We, a group of friends, were wondering over the biggest invention of the man. Was it electricity or medicines, Internet or computer, airplanes or textiles, mobiles or electronic gadgets? Every invention looked indispensable. Ultimately, voting was done. The mobile and the TV secured maximum but equal votes.
“Can anyone tell who invented the items shortlisted by us,” one of us questioned. There was a big silence. No one could tell the names of inventors except some uncertain murmur over the inventor of electricity.
All felt guilty. There was a quick Google search and some inventors were found. TV was invented by John Baird, mobile by Martin Cooper, electricity by Benjamin Franklin, computer by Charles Babbage. Internet, medicines and textiles had many inventors who found and bettered them.
Let’s salute to all of them! We spoke in unison. There were so many other essential things invented by the man. We knew none of their inventors, leave aside feeling grateful to them for making today’s life so safe and comfortable.
The man was indeed selfish, we discovered. He just enjoyed the inventions. By paying the cost of a LCD or a mobile, the man thought himself as its proud owner. He was never bothered to think of or thank the inventor.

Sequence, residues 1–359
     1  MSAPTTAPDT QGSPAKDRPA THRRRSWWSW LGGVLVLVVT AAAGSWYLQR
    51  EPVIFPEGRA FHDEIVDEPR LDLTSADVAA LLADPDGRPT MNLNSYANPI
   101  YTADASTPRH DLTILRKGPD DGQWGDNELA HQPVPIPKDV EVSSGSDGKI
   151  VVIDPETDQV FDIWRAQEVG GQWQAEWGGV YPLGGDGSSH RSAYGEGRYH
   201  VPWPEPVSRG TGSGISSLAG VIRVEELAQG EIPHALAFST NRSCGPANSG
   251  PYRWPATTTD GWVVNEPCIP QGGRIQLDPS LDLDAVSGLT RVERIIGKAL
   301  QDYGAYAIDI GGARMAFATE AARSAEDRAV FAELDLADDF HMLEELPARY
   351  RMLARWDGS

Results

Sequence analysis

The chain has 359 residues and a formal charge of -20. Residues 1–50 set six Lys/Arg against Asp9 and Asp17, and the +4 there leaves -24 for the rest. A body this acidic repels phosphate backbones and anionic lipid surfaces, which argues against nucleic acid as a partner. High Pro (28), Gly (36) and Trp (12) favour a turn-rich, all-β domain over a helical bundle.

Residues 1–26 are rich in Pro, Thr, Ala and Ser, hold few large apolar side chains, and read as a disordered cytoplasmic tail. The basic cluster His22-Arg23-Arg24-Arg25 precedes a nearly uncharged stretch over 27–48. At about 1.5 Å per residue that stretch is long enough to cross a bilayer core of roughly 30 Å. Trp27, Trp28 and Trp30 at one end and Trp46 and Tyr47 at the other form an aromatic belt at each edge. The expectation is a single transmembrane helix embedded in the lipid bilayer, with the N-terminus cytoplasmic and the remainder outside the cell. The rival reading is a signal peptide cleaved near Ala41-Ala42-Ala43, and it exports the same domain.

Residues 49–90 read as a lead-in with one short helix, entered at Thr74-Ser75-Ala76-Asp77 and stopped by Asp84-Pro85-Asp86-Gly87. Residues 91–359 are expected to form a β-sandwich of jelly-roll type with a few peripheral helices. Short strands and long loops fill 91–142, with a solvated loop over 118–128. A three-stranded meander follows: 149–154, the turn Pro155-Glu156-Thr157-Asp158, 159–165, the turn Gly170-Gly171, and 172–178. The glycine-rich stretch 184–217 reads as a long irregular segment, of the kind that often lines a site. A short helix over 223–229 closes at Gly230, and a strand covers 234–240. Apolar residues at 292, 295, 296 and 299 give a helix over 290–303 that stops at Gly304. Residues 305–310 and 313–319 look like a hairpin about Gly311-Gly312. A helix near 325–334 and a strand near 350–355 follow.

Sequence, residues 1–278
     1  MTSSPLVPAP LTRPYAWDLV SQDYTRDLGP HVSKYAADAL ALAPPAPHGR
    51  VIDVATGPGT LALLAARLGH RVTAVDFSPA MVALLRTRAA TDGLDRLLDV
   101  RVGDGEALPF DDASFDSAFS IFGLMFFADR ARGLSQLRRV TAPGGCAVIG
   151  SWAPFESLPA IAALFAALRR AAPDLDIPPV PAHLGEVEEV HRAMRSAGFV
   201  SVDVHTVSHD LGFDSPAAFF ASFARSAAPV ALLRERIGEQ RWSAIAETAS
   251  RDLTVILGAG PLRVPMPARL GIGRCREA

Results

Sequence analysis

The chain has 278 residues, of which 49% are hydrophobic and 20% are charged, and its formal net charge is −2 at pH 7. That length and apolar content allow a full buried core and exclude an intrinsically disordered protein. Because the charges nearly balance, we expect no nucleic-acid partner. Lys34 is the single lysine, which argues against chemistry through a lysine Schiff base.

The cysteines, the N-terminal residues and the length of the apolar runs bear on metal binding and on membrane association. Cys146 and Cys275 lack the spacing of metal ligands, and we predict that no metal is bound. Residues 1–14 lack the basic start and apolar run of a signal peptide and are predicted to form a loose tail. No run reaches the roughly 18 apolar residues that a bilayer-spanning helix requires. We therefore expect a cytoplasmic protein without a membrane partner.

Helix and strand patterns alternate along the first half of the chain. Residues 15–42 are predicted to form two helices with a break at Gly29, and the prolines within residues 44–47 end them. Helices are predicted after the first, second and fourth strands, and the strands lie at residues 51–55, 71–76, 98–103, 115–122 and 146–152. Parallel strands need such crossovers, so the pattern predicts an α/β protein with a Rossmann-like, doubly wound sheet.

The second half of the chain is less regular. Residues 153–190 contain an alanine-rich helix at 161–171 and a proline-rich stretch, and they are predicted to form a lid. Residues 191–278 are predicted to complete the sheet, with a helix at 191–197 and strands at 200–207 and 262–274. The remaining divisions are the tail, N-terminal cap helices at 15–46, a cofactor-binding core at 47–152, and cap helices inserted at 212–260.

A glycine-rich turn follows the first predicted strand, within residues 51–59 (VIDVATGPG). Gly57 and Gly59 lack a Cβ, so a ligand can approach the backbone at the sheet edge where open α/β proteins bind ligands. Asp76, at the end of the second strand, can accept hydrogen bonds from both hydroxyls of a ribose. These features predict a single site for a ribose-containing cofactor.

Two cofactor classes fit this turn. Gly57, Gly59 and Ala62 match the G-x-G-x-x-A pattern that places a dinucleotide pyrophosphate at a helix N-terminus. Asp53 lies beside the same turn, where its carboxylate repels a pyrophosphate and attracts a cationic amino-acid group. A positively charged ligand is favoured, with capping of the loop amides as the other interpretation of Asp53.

“What did an inventor gain by making such a big invention? He might have consumed whole of his life in inventing a thing. He was not even remembered by the human beings today” was another thought. The real inventors might not have even enjoyed their inventions. They would have invented the base models. Others would have improved them. And by that time, the original inventors would have passed away!
We brooded over it and drew a conclusion. An invention was made by a person not with an aim to make people remember him after his death. The driving force behind was to do something exclusive in life and feel elated over it.
Everybody should try to do something exclusive in life, we decided. And this exclusivity should be aimed at contributing to the society and the world and having a feeling of elation within oneself and certainly not at winning people’s applause. The pleasure behind inventing a thing and see it being put to practice had no parallel. The satisfaction that one experienced on making an invention or doing something exclusive for society was unmatched.
Inventions were not the only things to add exclusivity to life, we found. Leading an honest life and having that feeling of never succumbing to the lure of ill money, writing a book for the benefit of masses, helping the underprivileged and see them rise in life too could add exclusivity to one’s life. Bringing a social change for the betterment of masses was another way.
In the absence of this desire to do something exclusive in life, all could have simply born, grown, lived, struggled, raised families and died and no inventions would have been made.